dStor operates a computer network consisting mainly of storage nodes that store files and deliver them to users, and gateway nodes that monitor the health and usage of the network for routing and accounting purposes. There is also an accounting system integrated into dStor to ensure users are correctly billed for their usage and storage node operators are correctly paid for their service.
When an end user wants to access data in the system, their computer sends a request to one of the dStor gateway nodes (assigned round-robin style) which interprets the request based on the location of the requesting IP address and seeks to reflect that request quickly to one of the servers in the same region with the highest availability at that moment based on the gateway node’s ongoing monitoring.
Once the end user’s request is reflected to a storage node in the system, it asks for the requested data asset. If the file exists in the server’s storage or cache, it is immediately served. If the storage node does not have the file, it requests it from another node in the network and once it receives the file, it also caches it for a period of time to hasten future requests.
When a user wants to add data into the system for storage, they make a request to the gateway nodes using the API key associated with their account. Once the system ingests the data, it creates a unique filehash of it that serves as a resource locator. This is how end users or their computers access this data in the future. The gateway node forwards the data to a number of storage nodes (generally 16-20, depending on how many nodes are currently in the network) where they are “pinned” to ensure they are not deleted.
The dStor accounting subsystem monitors all file access and delivery and regularly polls storage nodes to ensure they have their pinned data, which they receive pay for. If pinned files are missing from the system, dStor requests another storage node to pin them instead and the previous node loses future income from storing that data seed. The accounting system calculates invoices for users and payment for storage node operators based on usage.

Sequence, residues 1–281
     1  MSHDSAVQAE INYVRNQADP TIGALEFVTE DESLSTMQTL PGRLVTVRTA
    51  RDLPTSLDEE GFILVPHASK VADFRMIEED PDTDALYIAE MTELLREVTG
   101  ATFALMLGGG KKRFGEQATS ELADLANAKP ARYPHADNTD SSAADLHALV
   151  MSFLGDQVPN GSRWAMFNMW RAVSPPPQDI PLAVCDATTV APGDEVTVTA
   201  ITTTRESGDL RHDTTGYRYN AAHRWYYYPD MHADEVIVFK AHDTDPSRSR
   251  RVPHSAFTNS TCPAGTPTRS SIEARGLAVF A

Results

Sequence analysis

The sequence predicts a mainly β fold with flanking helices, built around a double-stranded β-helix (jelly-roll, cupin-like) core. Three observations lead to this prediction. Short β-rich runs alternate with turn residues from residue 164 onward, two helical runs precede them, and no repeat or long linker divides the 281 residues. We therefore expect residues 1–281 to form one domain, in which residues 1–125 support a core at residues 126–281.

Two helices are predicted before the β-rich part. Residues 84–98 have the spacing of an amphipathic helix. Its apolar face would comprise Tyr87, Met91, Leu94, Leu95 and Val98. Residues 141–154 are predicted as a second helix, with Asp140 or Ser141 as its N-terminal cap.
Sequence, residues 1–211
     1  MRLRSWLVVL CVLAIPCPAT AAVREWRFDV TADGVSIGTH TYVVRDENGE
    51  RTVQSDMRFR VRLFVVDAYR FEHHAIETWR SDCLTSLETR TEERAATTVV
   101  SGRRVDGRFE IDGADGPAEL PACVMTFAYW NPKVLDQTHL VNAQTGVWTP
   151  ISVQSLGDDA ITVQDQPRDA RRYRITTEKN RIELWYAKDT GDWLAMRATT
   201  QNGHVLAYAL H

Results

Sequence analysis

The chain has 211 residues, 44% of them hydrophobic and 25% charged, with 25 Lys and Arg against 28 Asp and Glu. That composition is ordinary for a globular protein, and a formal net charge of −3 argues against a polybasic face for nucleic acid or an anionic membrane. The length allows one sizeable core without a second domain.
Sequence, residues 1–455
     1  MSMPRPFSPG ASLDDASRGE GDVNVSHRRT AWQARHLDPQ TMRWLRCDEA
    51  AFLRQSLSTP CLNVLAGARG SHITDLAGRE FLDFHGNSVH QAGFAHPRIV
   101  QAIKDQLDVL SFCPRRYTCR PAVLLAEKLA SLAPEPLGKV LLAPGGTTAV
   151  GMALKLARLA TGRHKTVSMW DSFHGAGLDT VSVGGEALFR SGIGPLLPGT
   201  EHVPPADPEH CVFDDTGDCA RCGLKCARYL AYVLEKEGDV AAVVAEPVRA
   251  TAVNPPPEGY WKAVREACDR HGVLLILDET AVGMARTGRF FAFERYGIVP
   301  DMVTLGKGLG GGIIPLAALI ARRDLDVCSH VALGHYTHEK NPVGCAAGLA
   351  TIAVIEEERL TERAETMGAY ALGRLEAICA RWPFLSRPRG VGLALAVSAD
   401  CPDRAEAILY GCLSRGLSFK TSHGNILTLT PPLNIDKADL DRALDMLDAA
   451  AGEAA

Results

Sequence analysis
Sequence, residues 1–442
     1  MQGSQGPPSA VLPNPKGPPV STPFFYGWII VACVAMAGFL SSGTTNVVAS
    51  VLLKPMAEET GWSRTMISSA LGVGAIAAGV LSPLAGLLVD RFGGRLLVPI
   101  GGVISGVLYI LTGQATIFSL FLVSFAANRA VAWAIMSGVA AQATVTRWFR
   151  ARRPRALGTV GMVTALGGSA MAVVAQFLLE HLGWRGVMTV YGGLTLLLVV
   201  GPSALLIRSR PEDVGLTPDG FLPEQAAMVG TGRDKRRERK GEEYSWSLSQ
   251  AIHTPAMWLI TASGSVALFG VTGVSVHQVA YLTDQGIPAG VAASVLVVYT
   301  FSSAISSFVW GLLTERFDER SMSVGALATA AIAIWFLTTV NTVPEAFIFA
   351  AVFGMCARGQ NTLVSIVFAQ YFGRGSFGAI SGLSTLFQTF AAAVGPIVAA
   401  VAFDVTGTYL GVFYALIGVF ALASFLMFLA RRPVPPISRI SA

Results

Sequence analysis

Anyone can operate a dStor storage node if their infrastructure meets the minimum requirements. At present these minimums are:
- a computer with an Intel i3 or better processor and 8GB of RAM running Unix (Ubuntu 18.4 LTS) with:
- at least 4TB of hard drive space, and
- 50Mbps of up bandwidth dedicated to dStor operation.
However, systems with more hard drive space can store (and be paid for) more data and those with lower latency or higher bandwidth can deliver (and be paid for) more data service. This incentivizes higher quality infrastructure for the good of the system.
dStor vs. Amazon S3
dStor vs. Microsoft Azure
dStor vs. Google Cloud
Customers establish an account with dStor and receive a customer number and designate their method of payment. Monthly invoices will be emailed to each customer for the previous month’s usage. Customers will have 15 days to pay their invoice in full or their stored assets will be flagged for deletion. (Customers may retain a positive payment balance to prevent files from being deleted.) When very high usage occurs, an invoice may be sent more often than monthly.
During the beta period, TLOS tokens on the Telos blockchain will be the first payment gateway. Additional forms of payment will be added in various fiat and crypto currencies as available.
Storage node operators share in the previous month’s income divided based on what percentage each provided of the total seed storage and data delivery. Approximately 25% of the total storage node operator payment amount is reserved for seed storage and 75% for data delivery storage.